What does it take to be a successful ecommerce entrepreneur? The answer might surprise you.
If you did a quick search for “crucial small business skills” or “must have entrepreneurial skills” in your favorite search engine, you would find dozens of articles each offering their own spin on which skills — or, more often, attributes — are absolutely essential when you’re starting a business.
Common themes on these lists include “leadership,” “strategic vision,” “operational focus,” “empathy,” and “empowerment.”
One list even suggested that entrepreneurs need to be comfortable being uncomfortable. “There can be times as a business owner that for months on end you will be in a state of stress, worry, anxiety, and discomfort,” the article in question said. “Being an entrepreneur means being able to live and function in this state for extended periods of time.”
While I suppose that basic stress management skills are very important, in my own list of crucial skills for ecommerce entrepreneurs, I wanted to focus on practical skills that can be learned and executed rather than on esoteric things like “leadership” or more basic things like stress management. I am also assuming that the entrepreneur in view has limited financial resources and will be doing much of the work rather than hiring several employees.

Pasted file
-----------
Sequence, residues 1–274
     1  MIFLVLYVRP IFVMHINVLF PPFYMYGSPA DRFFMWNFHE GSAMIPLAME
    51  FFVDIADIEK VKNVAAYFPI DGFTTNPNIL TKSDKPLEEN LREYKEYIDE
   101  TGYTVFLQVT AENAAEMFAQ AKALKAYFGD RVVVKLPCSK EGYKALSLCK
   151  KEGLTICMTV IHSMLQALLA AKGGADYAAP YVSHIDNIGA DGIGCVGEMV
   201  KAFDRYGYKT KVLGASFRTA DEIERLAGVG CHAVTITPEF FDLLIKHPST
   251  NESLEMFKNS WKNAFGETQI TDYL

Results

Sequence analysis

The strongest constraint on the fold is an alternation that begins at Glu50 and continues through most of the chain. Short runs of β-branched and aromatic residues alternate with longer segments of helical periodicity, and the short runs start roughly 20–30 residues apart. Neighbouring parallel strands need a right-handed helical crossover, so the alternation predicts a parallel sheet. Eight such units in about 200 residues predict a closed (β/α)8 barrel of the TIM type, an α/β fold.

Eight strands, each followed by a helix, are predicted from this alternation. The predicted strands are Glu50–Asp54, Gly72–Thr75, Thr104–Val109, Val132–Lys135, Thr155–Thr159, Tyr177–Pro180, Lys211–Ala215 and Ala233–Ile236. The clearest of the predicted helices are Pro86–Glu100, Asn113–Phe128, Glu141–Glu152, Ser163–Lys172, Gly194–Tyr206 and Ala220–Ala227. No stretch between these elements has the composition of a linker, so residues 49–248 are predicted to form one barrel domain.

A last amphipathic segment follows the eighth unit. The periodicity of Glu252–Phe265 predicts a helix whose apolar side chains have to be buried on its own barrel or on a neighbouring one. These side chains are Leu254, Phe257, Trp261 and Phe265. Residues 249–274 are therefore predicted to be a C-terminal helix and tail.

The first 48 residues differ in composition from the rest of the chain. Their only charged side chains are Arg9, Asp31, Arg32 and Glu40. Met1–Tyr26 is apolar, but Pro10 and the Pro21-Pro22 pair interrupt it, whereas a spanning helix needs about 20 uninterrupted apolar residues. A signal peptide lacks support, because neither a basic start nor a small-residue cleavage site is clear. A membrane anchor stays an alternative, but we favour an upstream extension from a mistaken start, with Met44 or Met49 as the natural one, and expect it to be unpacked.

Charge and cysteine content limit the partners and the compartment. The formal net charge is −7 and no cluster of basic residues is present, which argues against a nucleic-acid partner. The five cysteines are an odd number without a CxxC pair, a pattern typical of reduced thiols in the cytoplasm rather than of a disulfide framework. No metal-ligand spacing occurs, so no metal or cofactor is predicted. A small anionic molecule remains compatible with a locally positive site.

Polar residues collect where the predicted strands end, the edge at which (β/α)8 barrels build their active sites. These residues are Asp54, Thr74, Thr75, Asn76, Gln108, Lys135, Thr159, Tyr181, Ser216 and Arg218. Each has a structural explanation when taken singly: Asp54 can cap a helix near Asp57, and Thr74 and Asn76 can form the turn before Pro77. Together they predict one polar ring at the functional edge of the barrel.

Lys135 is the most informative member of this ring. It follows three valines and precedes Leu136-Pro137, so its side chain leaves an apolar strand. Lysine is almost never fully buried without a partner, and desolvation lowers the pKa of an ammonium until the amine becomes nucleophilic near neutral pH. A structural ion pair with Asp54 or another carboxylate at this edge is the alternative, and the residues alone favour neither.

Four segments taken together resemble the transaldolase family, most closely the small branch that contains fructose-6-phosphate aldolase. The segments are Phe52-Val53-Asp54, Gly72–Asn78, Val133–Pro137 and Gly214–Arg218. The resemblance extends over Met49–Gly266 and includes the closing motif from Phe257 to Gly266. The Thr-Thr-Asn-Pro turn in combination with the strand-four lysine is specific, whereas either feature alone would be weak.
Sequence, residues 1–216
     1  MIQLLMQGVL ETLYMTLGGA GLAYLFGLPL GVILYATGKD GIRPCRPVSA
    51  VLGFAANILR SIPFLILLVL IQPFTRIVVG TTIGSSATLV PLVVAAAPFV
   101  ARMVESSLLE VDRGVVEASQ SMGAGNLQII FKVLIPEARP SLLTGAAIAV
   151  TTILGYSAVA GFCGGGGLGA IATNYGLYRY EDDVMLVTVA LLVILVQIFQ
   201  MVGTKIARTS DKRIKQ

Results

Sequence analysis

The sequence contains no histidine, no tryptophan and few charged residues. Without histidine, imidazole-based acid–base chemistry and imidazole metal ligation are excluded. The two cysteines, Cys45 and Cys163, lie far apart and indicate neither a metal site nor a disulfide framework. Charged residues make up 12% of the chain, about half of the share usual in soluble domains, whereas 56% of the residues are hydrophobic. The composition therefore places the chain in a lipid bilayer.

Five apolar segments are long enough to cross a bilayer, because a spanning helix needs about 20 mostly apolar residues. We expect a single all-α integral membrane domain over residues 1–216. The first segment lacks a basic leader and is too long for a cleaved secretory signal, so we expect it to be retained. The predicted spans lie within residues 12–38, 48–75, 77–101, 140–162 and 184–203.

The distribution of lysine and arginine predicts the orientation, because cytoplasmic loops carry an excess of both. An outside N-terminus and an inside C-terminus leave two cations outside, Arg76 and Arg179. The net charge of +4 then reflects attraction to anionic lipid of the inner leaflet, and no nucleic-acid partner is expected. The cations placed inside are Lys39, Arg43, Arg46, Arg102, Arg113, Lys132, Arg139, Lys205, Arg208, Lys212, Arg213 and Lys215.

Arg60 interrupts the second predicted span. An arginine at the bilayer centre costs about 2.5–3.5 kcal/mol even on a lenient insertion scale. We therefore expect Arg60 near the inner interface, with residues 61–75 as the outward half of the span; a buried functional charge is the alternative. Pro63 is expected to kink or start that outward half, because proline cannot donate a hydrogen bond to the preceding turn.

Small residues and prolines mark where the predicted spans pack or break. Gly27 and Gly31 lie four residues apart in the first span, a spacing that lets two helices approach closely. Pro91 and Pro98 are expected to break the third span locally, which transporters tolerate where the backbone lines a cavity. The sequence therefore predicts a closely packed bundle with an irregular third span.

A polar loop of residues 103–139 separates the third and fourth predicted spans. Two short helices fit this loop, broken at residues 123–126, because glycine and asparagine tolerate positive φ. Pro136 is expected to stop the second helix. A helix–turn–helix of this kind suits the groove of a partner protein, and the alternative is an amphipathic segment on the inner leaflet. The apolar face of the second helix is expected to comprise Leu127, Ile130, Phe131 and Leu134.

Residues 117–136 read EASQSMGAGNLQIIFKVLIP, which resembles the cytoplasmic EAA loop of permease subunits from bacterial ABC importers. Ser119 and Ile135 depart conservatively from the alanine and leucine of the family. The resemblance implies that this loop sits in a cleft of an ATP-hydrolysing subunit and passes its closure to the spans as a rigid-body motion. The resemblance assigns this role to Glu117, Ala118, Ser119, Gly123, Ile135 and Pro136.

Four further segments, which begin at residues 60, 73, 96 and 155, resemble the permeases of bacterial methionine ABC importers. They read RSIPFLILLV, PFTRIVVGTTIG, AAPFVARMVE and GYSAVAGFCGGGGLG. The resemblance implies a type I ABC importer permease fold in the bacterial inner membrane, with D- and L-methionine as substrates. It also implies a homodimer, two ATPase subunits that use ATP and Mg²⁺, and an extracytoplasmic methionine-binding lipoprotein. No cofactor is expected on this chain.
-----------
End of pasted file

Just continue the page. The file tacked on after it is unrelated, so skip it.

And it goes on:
Be Able to Write Well
Writing well, which means communicating your point with proper spelling and grammar, is vital when you’re getting a business started.
When it comes to marketing, there will be the need to compose blog posts, Twitter tweets, Facebook updates, Yelp business descriptions, and email newsletters. You have to write ad copy for your Google AdWords campaign. And then there are meta descriptions, customer emails, and vendor emails.
To learn to write well, consider getting a copy of the AP Stylebook and Strunk and White’s The Elements of Style. These books will help you know how to properly punctuate your prose and give you hints about how to handle some specific writing situations. You might also want to follow a writing blog or two, such as Copyblogger. And if you really want to get this skill down consider taking the free MIT Open Courseware Class, “Writing and Reading the Essay.”